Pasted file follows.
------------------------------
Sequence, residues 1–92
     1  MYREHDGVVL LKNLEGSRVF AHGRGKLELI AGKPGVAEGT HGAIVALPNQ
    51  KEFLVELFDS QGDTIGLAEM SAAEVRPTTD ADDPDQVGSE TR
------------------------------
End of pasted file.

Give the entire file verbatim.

Sequence, residues 1–92
     1  MYREHDGVVL LKNLEGSRVF AHGRGKLELI AGKPGVAEGT HGAIVALPNQ
    51  KEFLVELFDS QGDTIGLAEM SAAEVRPTTD ADDPDQVGSE TR